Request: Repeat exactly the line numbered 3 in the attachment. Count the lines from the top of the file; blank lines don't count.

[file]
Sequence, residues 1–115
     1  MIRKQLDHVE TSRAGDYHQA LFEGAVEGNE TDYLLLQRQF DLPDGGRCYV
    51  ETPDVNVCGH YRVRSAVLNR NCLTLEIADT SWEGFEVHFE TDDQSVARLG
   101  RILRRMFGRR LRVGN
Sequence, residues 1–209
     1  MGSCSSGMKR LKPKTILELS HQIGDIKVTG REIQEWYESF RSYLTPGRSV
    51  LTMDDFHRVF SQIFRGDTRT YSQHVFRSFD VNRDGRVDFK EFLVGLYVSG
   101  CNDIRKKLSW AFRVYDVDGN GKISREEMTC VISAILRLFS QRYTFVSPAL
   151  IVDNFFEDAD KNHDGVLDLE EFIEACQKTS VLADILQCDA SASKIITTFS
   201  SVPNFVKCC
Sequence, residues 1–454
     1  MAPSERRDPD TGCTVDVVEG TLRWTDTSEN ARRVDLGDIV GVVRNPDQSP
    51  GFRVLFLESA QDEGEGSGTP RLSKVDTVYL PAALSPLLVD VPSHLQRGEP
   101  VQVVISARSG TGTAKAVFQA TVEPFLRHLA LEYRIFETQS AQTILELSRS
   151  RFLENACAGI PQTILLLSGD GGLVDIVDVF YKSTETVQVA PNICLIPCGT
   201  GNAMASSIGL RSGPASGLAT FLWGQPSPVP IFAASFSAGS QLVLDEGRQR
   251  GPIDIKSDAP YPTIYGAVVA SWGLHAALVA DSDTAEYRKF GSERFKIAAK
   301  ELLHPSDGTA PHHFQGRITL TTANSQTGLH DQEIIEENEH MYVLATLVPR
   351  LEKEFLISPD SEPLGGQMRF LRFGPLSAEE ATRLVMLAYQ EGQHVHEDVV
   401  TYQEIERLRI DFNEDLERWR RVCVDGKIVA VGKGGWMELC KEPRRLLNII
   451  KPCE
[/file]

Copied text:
    51  ETPDVNVCGH YRVRSAVLNR NCLTLEIADT SWEGFEVHFE TDDQSVARLG